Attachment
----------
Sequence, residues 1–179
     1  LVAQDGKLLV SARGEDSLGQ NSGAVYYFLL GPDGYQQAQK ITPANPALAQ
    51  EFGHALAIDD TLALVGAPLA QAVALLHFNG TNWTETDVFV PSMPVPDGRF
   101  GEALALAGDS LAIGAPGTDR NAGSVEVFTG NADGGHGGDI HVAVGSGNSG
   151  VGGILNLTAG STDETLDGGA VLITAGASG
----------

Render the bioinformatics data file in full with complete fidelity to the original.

Sequence, residues 1–179
     1  LVAQDGKLLV SARGEDSLGQ NSGAVYYFLL GPDGYQQAQK ITPANPALAQ
    51  EFGHALAIDD TLALVGAPLA QAVALLHFNG TNWTETDVFV PSMPVPDGRF
   101  GEALALAGDS LAIGAPGTDR NAGSVEVFTG NADGGHGGDI HVAVGSGNSG
   151  VGGILNLTAG STDETLDGGA VLITAGASG